Saving For a Home? How To Increase The Chances Of Being Accepted For a Mortgage

Written by Karen Bryan

house for saleApplying for a mortgage may require a degree of planning and ensuring certain aspects of your financial and related situations are in order. Perhaps some building or rebuilding of creditworthiness before hitting the High Street to see what’s available, may be required.

The following will help you assess your chances of success and, if necessary, show some steps required to improve them.

Your credit history

You’ll likely be aware of the need for a good credit history and how it’s recorded. There are three main credit agencies – Equifax, Experian and Callcredit – who build a record of your financial activities such as:

  • Bank account use
  • Credit card use
  • Bills and other (personal loans, mobile phone contracts) payment history
  • Mortgages


This information will be used by the mortgage lender to assess whether to offer you a loan and, if so, how much for.

It’s worth checking your credit file with one of the main three credit reference agencies. If there is any incorrect information recorded you should definitely seek to have it removed or amended.

Electoral roll

Ensure you’re registered to vote where you live; it’ll prove almost impossible to get accepted for a mortgage if you’re not.

Remove financial links with others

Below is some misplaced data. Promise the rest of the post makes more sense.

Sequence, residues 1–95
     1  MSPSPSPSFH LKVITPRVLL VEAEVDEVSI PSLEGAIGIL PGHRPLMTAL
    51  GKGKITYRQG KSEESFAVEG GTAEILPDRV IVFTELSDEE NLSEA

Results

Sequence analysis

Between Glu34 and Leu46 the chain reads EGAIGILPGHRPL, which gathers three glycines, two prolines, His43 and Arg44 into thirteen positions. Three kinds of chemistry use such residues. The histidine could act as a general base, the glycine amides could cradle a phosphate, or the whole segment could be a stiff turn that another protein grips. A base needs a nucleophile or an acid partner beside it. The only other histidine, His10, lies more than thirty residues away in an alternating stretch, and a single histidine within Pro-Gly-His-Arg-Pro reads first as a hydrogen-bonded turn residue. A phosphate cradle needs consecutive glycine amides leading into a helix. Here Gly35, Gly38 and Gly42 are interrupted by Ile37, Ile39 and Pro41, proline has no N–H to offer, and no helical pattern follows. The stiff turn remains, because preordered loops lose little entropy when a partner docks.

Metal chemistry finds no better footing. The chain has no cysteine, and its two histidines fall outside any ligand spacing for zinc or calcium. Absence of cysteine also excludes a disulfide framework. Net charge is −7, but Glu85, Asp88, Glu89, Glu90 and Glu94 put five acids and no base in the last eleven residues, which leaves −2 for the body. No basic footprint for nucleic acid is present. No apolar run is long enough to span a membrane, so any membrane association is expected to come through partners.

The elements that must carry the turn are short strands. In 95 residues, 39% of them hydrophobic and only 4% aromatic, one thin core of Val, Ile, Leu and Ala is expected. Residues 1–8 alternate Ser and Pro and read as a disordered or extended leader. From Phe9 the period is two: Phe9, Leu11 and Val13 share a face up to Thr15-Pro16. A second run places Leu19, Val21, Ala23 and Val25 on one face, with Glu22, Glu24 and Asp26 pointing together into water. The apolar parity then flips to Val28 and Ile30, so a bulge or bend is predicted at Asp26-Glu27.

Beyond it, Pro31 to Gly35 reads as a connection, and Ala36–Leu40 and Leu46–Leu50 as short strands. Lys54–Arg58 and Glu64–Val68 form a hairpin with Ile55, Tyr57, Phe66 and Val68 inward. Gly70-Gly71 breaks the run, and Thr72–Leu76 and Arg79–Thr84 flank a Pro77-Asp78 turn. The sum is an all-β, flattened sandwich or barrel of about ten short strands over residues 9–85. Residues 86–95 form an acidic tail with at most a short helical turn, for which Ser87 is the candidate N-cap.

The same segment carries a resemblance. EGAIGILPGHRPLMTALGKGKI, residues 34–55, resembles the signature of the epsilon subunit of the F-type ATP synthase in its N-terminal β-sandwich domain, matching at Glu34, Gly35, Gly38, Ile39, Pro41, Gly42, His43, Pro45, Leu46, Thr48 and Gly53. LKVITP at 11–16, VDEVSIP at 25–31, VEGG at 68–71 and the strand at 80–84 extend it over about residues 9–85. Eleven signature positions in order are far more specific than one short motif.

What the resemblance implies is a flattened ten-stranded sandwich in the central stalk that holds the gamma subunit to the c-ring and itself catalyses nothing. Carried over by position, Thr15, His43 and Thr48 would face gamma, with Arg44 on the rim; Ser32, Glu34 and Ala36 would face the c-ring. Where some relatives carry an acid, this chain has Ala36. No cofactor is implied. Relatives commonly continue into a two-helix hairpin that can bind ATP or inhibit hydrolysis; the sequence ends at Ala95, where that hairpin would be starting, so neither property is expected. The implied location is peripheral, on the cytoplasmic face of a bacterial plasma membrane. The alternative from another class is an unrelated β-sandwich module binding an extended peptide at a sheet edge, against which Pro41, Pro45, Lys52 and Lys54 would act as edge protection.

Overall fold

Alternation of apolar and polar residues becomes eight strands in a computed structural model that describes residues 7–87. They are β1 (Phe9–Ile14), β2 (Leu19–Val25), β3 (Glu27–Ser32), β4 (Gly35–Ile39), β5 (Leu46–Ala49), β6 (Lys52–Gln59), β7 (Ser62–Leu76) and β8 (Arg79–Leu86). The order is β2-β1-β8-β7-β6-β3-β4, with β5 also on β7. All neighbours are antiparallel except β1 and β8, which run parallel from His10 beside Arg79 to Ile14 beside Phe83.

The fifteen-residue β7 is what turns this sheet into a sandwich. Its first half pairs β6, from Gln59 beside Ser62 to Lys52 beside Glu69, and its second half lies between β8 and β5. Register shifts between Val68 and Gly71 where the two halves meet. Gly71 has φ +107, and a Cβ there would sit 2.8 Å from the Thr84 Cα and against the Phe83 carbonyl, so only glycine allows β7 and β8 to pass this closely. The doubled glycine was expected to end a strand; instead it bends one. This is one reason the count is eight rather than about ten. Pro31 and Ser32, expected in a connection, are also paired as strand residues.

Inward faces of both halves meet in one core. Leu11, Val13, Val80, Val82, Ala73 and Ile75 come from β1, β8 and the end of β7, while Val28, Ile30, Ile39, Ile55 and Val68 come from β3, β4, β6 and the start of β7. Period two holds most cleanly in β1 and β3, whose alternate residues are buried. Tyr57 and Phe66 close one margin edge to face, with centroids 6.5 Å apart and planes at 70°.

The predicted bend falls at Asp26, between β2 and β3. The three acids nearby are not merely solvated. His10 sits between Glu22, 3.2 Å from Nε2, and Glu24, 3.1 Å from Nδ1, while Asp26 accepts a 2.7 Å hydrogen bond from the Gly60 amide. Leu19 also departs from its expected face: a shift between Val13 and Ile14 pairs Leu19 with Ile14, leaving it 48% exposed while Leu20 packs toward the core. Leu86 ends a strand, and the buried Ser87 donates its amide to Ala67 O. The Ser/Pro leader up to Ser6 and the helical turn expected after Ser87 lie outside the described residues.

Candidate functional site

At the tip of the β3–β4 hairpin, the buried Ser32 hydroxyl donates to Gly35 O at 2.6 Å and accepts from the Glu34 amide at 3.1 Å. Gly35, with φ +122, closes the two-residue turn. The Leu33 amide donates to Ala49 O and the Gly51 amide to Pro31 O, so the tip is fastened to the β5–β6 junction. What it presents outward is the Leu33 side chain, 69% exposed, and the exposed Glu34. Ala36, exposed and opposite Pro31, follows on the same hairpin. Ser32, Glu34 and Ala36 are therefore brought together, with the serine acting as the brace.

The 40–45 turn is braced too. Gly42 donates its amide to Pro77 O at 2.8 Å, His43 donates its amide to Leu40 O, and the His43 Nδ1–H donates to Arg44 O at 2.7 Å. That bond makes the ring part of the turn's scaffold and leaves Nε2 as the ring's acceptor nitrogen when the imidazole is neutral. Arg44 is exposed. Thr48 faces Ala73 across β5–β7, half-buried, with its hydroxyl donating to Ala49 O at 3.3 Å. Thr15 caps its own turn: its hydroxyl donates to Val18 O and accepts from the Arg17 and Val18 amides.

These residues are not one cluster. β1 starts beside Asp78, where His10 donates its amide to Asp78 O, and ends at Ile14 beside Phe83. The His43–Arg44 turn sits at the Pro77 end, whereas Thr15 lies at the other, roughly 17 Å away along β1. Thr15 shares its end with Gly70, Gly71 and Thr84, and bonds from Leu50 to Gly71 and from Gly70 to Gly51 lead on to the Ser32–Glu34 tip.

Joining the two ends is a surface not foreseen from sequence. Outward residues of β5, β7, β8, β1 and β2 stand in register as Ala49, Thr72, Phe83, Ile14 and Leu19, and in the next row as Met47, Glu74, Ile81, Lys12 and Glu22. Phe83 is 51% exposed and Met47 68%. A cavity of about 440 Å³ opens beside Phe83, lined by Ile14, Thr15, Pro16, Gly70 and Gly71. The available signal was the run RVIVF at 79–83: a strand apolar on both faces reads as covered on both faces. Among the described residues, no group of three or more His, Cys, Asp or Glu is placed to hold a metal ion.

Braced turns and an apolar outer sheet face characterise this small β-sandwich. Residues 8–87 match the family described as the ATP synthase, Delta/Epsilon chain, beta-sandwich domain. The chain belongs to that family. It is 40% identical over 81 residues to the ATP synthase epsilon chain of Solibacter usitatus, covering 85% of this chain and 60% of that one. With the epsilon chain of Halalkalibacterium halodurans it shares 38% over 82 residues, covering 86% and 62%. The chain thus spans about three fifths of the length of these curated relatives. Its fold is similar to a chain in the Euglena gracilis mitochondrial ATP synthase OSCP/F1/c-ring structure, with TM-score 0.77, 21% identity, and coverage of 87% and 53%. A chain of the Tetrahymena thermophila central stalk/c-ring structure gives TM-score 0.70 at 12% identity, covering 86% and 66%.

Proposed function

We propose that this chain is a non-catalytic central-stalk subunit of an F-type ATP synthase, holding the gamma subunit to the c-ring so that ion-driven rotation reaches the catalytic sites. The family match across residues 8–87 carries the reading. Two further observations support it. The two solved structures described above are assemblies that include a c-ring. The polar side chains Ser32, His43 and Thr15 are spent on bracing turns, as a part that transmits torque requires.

If you were once financially linked with someone, such as an ex-spouse or partner, then ensure you are ‘disassociated’ by writing to the credit reference agency. If you don’t, then it’s possible any financial misdemeanour of theirs (such as missed payments) could impact on your credit rating.

Credit rebuilding

If you need to do this then it will take some time, so don’t apply for a mortgage just yet.

One way to repair credit is through a credit card specifically for the purpose or a loan – you can also rebuild credit through Avant Credit. As you make payments, they’re recorded with the credit reference agencies, therefore contributing to a positive credit history.

Avoiding unusual properties

You may fancy that converted lighthouse but mortgage lenders are wary of lending against unusual, and therefore potentially harder to resell, properties. They’re keen to check if they’d be able to sell the property quickly, should you default on the mortgage.

Manage existing debts

This is something of a balancing act, as lenders will be wary if you have too much or too little credit available, such as through credit card balances. Too much and they’re worried you might suddenly rack up large debts, too little and they’re worried you’ll be near to your maximum with little margin for error.

As a general rule of thumb, try and stay below 50% of your combined credit limits.

Inactive accounts

Some older, inactive accounts should be closed. Perhaps an older credit card could be kept as it may be giving you a useful boost on your credit rating.

Other steps

The Rental Exchange scheme, introduced in March 2016, is a way of recording rental payments on your credit file to help boost your credit rating.

It’s advisable not to apply for credit for at least three months before applying for a mortgage (hence the need to plan ahead as in the case of credit rebuilding above), and also try and cut back on general spending. Your outgoings will be assessed by a mortgage lender and they may ask to see recent bank statements.

Finally, ensure all your application documents are in order and up to date; such as payslips, your P60 and related paperwork.